LITTLE ROCK, Ark. (AP) — A British pharmaceutical company that told Arkansas not to use its products during executions is trying to determine if the state plans to use them anyway, but prison officials are dismissing inquiries about the drug by citing a new law that makes all execution policies an official state secret.
Hikma Pharmaceuticals canceled a contract with Arkansas prison officials in 2013, after it learned the state purchased a seizure medication and another drug to use in lethal injections from one of its U.S. subsidiaries.
But records obtained by The Associated Press indicate that the state — which plans to resume executions next month after a 10-year gap — has a powerful sedative in its execution-drug supply with a label that appears to be from West-Ward Pharmaceuticals. The company is a Hikma subsidiary based in New Jersey.
"We have been trying to contact the Arkansas (Department of Correction) to confirm that they have our product and, if confirmed, to ask them to return it to us," Susan Ringdal, a Hikma vice president, said in response to questions from the AP.
"We continue to strongly object to our product being used for lethal injection," she said. "We are also auditing our sales and distribution channels to try to determine how they might have gotten our product."
The state's new secrecy law allows the state to withhold information about its execution-drug suppliers. Arkansas Department of Correction spokeswoman Cathy Frye said the law bars her from saying whether Hikma had contacted the department. She said the department could not respond to anyone — even manufacturers — asking about the drugs.
"State law mandates that we withhold that information, regardless of who is requesting it," she said.
Arkansas Attorney General Leslie Rutledge's office backed the agency. Spokesman Judd Deere said Friday that the law prohibits the department "from the disclosure of that information."
Attorneys for death row inmates have filed a lawsuit challenging the law, calling it unconstitutional.
Through a Freedom of Information Act request, the AP obtained redacted photographs of the containers, product inserts and expiration dates of drugs that were purchased for executions. The records show the items were purchased by the state in one transaction on June 30 for $24,226.
The AP then reached out to three drug companies whose unique labels appeared to match the photos when compared to records from the U.S. Food and Drug Administration and the National Institutes of Health.
The labels appear to show that Hikma manufactured the state's supply of midazolam, a sedative implicated after inmates gasped and groaned during longer-than-expected executions last year in Arizona, Ohio and Oklahoma. In June, the U.S. Supreme Court narrowly approved continued use of the drug during executions.
The other labels appear to show that the state's potassium chloride, which stops the heart, was made by Hospira Inc., while its paralytic agent, vecuronium bromide, was made by Sun Pharma.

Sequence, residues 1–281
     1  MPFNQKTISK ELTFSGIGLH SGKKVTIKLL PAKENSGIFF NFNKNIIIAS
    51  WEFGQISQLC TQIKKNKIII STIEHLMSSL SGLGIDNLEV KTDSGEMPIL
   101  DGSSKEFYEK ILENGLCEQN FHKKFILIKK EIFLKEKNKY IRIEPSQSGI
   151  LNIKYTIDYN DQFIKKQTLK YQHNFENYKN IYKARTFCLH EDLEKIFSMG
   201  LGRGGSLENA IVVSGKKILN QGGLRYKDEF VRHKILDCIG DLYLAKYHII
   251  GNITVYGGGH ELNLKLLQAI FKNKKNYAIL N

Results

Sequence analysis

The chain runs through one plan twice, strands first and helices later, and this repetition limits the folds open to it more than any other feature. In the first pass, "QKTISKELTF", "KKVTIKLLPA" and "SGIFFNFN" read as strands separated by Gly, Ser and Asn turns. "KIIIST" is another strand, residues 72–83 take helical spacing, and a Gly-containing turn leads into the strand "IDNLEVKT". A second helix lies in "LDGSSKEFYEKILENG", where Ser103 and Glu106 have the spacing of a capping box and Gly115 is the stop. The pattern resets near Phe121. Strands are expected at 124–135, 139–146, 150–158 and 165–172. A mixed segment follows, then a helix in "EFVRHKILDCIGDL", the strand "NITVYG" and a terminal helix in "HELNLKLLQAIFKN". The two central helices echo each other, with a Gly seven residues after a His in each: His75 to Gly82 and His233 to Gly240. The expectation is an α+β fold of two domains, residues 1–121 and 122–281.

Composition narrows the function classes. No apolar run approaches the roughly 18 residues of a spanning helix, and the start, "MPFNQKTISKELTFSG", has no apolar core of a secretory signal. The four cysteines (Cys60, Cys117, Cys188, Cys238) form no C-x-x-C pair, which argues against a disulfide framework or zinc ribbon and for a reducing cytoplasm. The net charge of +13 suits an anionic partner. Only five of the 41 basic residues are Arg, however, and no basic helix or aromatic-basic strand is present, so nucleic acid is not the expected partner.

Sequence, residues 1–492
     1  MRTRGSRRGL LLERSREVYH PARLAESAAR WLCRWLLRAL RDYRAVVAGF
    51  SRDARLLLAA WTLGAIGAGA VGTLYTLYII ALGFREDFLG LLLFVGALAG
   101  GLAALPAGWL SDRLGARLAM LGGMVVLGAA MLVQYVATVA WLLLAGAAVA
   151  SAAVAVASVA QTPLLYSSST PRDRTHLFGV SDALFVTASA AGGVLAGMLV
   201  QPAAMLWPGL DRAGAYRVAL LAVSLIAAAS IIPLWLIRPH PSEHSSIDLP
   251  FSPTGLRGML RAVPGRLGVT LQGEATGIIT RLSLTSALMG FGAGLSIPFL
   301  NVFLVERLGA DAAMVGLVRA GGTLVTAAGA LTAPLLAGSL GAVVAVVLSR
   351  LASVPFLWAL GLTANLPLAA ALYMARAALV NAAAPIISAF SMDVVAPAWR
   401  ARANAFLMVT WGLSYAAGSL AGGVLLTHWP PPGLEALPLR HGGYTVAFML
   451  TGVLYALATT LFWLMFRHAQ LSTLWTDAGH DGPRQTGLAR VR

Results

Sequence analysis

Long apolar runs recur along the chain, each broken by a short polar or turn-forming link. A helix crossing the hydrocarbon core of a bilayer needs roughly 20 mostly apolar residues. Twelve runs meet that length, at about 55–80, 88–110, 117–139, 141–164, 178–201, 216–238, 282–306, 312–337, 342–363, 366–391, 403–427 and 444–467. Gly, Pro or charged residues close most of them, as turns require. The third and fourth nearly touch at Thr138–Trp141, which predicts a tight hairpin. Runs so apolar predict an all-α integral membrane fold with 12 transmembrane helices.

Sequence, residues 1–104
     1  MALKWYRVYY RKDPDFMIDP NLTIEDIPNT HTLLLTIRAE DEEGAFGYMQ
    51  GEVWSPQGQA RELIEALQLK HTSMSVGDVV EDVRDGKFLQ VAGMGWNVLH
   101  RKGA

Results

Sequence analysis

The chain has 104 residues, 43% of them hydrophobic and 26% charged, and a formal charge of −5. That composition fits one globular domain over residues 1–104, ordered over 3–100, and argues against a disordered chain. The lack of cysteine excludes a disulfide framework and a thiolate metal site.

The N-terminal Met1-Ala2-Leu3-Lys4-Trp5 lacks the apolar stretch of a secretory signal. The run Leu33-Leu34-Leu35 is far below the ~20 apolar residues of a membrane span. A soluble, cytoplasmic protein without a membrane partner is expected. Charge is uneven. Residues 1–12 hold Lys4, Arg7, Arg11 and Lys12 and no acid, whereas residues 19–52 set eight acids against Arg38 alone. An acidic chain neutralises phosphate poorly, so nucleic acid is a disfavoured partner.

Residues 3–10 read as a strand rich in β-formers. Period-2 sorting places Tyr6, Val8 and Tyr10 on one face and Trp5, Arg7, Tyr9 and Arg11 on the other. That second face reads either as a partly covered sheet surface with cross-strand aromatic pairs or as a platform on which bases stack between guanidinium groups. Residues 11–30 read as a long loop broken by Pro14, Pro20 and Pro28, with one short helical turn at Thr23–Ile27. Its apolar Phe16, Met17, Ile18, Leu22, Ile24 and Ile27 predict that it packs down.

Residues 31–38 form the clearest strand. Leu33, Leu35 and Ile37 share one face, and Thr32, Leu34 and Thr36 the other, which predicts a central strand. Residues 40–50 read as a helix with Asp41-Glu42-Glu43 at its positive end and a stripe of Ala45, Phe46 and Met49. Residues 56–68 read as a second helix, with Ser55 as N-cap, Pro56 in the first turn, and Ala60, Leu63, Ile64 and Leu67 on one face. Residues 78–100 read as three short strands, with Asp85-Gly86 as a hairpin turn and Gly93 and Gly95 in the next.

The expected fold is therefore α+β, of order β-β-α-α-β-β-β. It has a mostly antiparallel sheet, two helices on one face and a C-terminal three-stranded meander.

India-based Sun Pharma said Thursday that it was looking into whether the Arkansas prison system had its drug, and if so, whether that would violate company policy.
Illinois-based Hospira has publicly said it opposes its drugs being used during executions, but company spokeswoman Julie Ferguson declined to discuss the Arkansas drugs this week and referred the AP to the company's written policy.
The policy states that Hospira has ceased sales of seven drugs — including potassium chloride — to prison hospitals and restricts its supply chain to prevent such sales through third-party distributors. The policy doesn't address possible actions if prisons obtain the drug for lethal injections.
Katherine Toomey, an attorney with Lewis Baach, a law firm specializing in international commercial disputes, said she believes the Arkansas law wouldn't take precedent over companies' rights. She said drug manufacturers, like any company, have a commercial and legal right to know whether their drugs are being used in executions so they can enforce contracts.
"The Arkansas law, which seeks to shroud execution in secrecy, does not affect these independent contractual rights, nor does it immunize Arkansas from liability if the state improperly obtains or utilizes drugs for executions," Toomey said.
Gov. Asa Hutchinson last week announced execution dates for eight inmates starting on Oct. 21. Executions have been on hold in Arkansas since 2005, largely because of drug shortages and court challenges to the state's execution procedures.
The governor declined comment Friday, saying it was "a matter for the Department of Correction."
In July 2011, the U.S. Drug Enforcement Administration seized vials of sodium thiopental from Arkansas amid legal questions about how the state obtained them. Investigators discovered the drugs were from a distributor described in court filings as a one-man British operation that shared a building with a driving school.